1. ^ Funk, Rainer. Erich Fromm: His Life and Ideas. Translators Ian Portman, Manuela Kunkel. New York: Continuum International Publishing Group, 2003. ISBN 0-8264-1519-9, ISBN 978-0-8264-1519-6. P. 13:

    "For a second name he was given that of his grandfather on his father's side–Seligmann Pinchas Fromm, although the registry office in Frankfurt does not record him as Erich Pinchas Fromm, but as Erich Seligmann Fromm. Also his parents addressed his mail to 'Erich S. Fromm.'"

  2. ^ Paris, Bernard J. (1998) Horney & Humanistic Psychoanalysis – Personal History. International Karen Horney Society.
  3. ^ Fromm, Erich Escape from Freedom New York: Henry Holt and Company, LLC, 1941, p. 177
  4. ^ Fromm, Erich On Being Human London: The Continuum International Publishing Group Ltd, 1997, p. 101
  5. ^ a b c d e f The Glaring Facts . "Erich Fromm & Humanistic Psychoanalysis ." The Glaring Facts . The Glaring Facts , n.d. Web. 12 Nov. 2011. <http://www.theglaringfacts.com/erich-fromm-humanistic-psychoanalysis/>.
  6. ^ Engler, Barbara Personality Theories Boston: Houghton Mifflin Harcourt Publishing Company, 2008, p. 137 based on The Sane Society and The Anatomy of Human Destructiveness
  7. ^ http://www.bcon-lifo.com/licensees/NOYG_14_LIFO_Theory.pdf
  8. ^ "Improve Relationships & Manage Conflict with SDI | Personal Strengths Publishing". Us.personalstrengths.com. http://us.personalstrengths.com/sdi.php?id=150. Retrieved 2010-05-14. 
  9. ^ Fromm, Erich “Escape from Freedom” New York: Rinehart & Co., 1941, p. 41 – 42
  10. ^ John Rickert, The Fromm-Marcuse debated revisited, 1986 in „Theory and Society“, vol. 15, pp. 351–400. Martinus Nijhoff Publishers, Dordrecht
  11. ^ Erich Fromm, [1955] 1990 The Sane Society, New York: Henry Holt
  12. ^ Erich Fromm, [1973] 1992, The Anatomy of Human Destructiveness, New York: Henry Holt.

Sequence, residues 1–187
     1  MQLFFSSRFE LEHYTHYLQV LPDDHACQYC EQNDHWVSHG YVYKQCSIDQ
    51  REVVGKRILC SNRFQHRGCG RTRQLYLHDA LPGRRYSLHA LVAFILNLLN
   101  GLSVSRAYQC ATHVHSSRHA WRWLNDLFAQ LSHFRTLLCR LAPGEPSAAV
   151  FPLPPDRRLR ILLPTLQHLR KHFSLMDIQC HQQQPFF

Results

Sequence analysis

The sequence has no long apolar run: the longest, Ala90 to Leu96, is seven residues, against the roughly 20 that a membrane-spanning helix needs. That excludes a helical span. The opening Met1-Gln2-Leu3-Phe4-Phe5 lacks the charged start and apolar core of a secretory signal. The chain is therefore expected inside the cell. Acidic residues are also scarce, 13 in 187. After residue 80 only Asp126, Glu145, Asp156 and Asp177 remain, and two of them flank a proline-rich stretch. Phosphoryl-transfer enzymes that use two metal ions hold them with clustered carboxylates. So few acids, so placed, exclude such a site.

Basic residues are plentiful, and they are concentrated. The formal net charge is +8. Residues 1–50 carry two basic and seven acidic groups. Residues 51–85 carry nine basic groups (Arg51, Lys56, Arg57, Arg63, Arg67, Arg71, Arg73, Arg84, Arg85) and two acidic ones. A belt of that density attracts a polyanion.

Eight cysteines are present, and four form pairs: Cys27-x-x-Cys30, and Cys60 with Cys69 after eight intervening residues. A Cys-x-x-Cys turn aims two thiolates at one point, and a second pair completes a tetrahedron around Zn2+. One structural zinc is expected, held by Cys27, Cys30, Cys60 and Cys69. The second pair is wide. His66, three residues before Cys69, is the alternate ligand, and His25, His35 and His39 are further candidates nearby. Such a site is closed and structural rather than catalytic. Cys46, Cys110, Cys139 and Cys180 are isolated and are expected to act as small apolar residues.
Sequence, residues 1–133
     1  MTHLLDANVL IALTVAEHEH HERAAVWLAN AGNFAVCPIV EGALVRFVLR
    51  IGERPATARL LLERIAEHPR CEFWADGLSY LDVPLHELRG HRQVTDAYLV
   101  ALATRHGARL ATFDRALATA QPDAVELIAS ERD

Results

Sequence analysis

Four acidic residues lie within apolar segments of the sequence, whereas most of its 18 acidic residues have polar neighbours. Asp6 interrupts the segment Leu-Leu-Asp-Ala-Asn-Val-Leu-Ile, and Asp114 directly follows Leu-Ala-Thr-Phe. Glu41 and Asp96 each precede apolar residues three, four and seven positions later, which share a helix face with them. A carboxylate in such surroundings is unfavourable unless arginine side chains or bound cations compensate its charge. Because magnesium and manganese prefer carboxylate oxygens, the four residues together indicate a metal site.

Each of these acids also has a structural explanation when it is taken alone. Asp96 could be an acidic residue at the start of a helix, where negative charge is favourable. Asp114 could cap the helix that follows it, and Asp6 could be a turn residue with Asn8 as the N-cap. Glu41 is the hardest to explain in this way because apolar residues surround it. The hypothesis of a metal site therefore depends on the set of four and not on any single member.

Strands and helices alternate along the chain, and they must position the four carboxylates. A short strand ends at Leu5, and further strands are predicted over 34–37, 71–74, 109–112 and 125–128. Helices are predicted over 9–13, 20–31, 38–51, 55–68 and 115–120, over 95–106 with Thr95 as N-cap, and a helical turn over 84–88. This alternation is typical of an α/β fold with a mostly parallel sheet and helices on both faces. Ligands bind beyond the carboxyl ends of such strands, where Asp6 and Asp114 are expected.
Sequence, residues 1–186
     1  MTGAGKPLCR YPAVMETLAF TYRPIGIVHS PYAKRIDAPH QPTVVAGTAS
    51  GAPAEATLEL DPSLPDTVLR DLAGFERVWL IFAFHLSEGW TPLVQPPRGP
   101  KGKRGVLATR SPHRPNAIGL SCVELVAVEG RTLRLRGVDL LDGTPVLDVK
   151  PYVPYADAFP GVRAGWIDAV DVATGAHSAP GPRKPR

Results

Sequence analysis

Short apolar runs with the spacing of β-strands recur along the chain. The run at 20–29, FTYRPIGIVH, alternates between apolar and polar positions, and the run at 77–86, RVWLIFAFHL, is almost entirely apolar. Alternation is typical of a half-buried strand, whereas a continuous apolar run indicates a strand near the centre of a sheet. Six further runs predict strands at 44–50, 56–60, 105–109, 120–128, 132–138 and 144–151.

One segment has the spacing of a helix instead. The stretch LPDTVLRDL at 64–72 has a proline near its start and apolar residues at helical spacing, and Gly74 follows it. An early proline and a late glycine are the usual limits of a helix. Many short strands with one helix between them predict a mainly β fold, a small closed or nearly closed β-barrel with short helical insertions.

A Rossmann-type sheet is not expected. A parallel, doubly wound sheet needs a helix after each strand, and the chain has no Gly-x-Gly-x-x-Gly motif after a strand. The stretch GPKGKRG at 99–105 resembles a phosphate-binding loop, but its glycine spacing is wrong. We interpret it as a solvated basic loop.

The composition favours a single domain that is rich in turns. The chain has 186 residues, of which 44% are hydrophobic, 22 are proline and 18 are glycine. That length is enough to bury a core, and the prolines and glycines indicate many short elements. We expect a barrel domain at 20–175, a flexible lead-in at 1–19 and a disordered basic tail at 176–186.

External links


Wikimedia Foundation. 2010.

Look at other dictionaries:

  • Erich Fromm — 1970 Erich Fromm (* 23. März 1900 in Frankfurt am Main; † 18. März 1980 in Muralto, Tessin) war ein deutsch US amerikanischer Psychoanalytiker, Philosoph und Sozialpsychologe …   Deutsch Wikipedia

  • Erich Fromm — Saltar a navegación, búsqueda Erich Fromm Filosofía occidental Filosofía del siglo XX Nacimiento 23 de marzo de 1900 Fráncfort del Meno, Hesse, Alemania …   Wikipedia Español

  • Erich Fromm — (23 de marzo, 1900 18 de marzo, 1980) fue un destacado psicólogo social y humanista alemán. Miembro del Instituto de Investigaciones Sociales de la Universidad de Frankfurt, participó activamente en la primera fase de las investigaciones… …   Enciclopedia Universal

  • Erich Fromm — Pour les articles homonymes, voir Erich et Fromm. Erich Fromm …   Wikipédia en Français

  • Erich Fromm — Libertad El acto de desobediencia, como acto de libertad, es el comienzo de la razón. Muerte El hombre siempre muere antes de haber nacido por completo. Soledad Naces solo y mueres solo, y en el paréntesis la soledad es tan grande que necesitas… …   Diccionario de citas

  • Erich-Fromm-Gesellschaft — Erich Fromm (* 23. März 1900 in Frankfurt am Main; † 18. März 1980 in Muralto, Tessin) war ein deutsch amerikanischer Psychoanalytiker, Philosoph und Sozialpsychologe. Inhaltsverzeichnis 1 Lebenslauf …   Deutsch Wikipedia

  • Erich-Fromm-Preis — Der Erich Fromm Preis ist ein seit 1995 jährlich von der Internationalen Erich Fromm Gesellschaft verliehener Preis, mit dem Personen ausgezeichnet werden sollen, „die mit ihrem wissenschaftlichen, sozialen, gesellschaftspolitischen oder… …   Deutsch Wikipedia

  • Erich — Fromm …   Eponyms, nicknames, and geographical games

  • FROMM, ERICH — (1900–1980), U.S. psychoanalyst, social philosopher, and author. Fromm, who was born in Frankfurt of rabbinic descent, studied at German universities and received his professional training at the Psychoanalytic Institute of Berlin. He worked at… …   Encyclopedia of Judaism

  • FROMM (E.) — FROMM ERICH (1900 1980) Né à Francfort sur le Main, Erich Fromm étudia la sociologie à Heidelberg, à Francfort et à Munich: il s’initia à la psychanalyse à l’université de Munich et auprès de l’Institut de psychanalyse de Berlin de 1923 à 1925.… …   Encyclopédie Universelle


Share the article and excerpts

Direct link
Do a right-click on the link above
and select “Copy Link”

We are using cookies for the best presentation of our site. Continuing to use this site, you agree with this.